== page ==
martedì 10 novembre 2020

“Freedom of Religion or Belief: The Role of Digital Technologies and Civil Society Actors In Advancing This Human Right For All”

Statement by Monsignor Janusz S. Urbańczyk, Permanent Representative of the Holy See, at the Third Supplementary Human Dimension Meeting (SHDM) on “Freedom of Religion or Belief: The Role of Digital Technologies and Civil Society Actors In Advancing This Human Right For All”
Session I: The State of Freedom of Religion or Belief in the OSCE Region: Challenges and Opportunities
Mr Moderator,
As this is the first time that my Delegation takes the floor during this 3rd Supplementary Human Dimension Meeting of 2020, allow me to thank the Albanian OSCE Chairmanship-in-Office and the Office for Democratic Institutions and Human Rights (ODIHR) for organizing this event on the freedom of religion or belief.One of the main challenges facing those who today stand up for and defend freedom of religion or belief is convincing people that in a secular age religious freedom is an important right worthy of protection. The exercise of religious freedom constitutes both an element of personal fulfilment and a contribution to the good of society. Only a robust respect of this freedom can guarantee the free and full development of our democratic societies and security.
The Holy See “is convinced that ‘belief’ contributes, for both individuals and communities, to respect for freedom of thought, the search for truth, personal and social justice and the rule of law, all of which are necessary if there is to be a just relationship between citizens, institutions and States.”(1)
Nevertheless, in certain societies, religions continue to be perceived as a source of intolerance rather than of social harmony. They are felt as a threat to tolerance, peace and security, rather than an enrichment and a contribution to cultural and social development. The situation can contribute to the dangerous creation of a negative attitude towards religions and believers. This harms the well-being of these persons and communities, and indeed of society as a whole. Violence, persecution and killing in the name of God is not religion but radicalism. States have the responsibility to promote the common good, social peace and coexistence by respecting pluralism and protecting the freedom of religion or belief.
The Holy See affirms that OSCE participating States – based on the consensually agreed commitments – are bound to reject the so called reductionist approach to, or understanding of, freedom of religion or belief. Such reductionism seeks to privatize religions “in an attempt to reduce them to the quiet obscurity of the individual’s conscience or to relegate them to the enclosed precincts of churches, synagogues or mosques.”  This reveals a failure not only to appreciate the true sense of freedom of religion or belief, but also the legitimate role of religion in the public arena.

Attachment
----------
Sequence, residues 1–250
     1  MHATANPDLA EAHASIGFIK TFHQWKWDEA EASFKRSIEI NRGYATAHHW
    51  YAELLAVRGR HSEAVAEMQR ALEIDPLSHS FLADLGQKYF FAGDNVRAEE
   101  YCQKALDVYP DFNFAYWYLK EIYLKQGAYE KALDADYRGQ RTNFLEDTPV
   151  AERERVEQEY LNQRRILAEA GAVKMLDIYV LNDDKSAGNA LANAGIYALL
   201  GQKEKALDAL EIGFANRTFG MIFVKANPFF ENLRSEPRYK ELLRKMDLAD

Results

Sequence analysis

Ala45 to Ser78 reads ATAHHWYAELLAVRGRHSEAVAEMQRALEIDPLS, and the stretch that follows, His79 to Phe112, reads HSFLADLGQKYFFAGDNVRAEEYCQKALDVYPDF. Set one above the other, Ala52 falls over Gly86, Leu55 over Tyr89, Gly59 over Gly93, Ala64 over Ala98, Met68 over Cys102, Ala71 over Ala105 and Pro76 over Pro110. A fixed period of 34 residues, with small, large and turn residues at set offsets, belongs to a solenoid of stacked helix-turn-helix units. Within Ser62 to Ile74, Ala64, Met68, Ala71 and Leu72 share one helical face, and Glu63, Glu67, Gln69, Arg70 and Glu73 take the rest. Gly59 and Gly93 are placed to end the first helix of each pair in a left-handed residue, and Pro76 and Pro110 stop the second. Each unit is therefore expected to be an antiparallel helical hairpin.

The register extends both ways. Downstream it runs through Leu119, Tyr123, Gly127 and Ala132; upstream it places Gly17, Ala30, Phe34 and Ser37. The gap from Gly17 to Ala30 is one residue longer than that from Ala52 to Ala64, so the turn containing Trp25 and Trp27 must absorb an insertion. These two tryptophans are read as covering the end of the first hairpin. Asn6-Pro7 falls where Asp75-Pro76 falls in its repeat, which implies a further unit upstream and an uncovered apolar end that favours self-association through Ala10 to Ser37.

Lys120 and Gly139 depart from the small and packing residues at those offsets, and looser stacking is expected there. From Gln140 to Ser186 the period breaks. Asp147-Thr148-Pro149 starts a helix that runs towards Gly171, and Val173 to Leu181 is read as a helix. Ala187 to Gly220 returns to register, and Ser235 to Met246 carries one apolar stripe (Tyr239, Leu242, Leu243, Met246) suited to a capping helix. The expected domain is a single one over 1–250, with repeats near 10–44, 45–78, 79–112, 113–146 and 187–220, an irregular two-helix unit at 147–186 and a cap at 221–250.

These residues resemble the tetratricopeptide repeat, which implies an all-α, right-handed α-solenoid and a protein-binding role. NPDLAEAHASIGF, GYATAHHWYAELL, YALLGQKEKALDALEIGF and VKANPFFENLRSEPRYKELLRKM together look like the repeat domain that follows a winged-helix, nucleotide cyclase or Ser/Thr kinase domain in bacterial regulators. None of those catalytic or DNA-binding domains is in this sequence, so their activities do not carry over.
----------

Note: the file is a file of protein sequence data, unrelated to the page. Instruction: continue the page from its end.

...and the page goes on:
OSCE commitments enshrine both the inviolability of individual conscience, and the religious dimension in its specificity as a socially organized phenomenon. Consequently, the right of religious communities to exist as autonomous organizations is recognized in OSCE commitments. In this regard, it is to be noted that, while the establishment of registration mechanisms for religious communities, which enable them to function within an administrative and legislative framework and in accordance with the rule of law, are clearly in line with OSCE commitments, States should be vigilant that such mechanisms do not become a violation of the freedom of religion or belief itself.
Moreover, it should always be kept in mind that, in the regime that governs access to legal personality, participating States must also respect the autonomy of religious or belief communities, guaranteeing them freely to select, appoint and replace their leaders or to decide on their internal rules, the contents of their beliefs, their structure or name. Violations of the autonomy of religious communities could be also produced by certain anti-discrimination laws, which can limit the right to hire or dismiss people in accordance to the communities’ views and interests.
It is well known that different measures imposed by States to combat the COVID-19 pandemic have had profound ramifications on the freedom to manifest one’s religion or belief and have limited the religious, educational and charitable activities of faith communities. Legislators should always be aware of the severe consequences those regulations create for religious or belief communities which play an important role in combating the crisis not only by their active support in the field of healthcare, but also by their moral support and their messages of solidarity and hope.
Thank you, Mr Moderator.
(1) Statement by Archbishop Paul Richard Gallagher, Secretary for the Holy See's Relations with States, at 22nd OSCE Ministerial Council.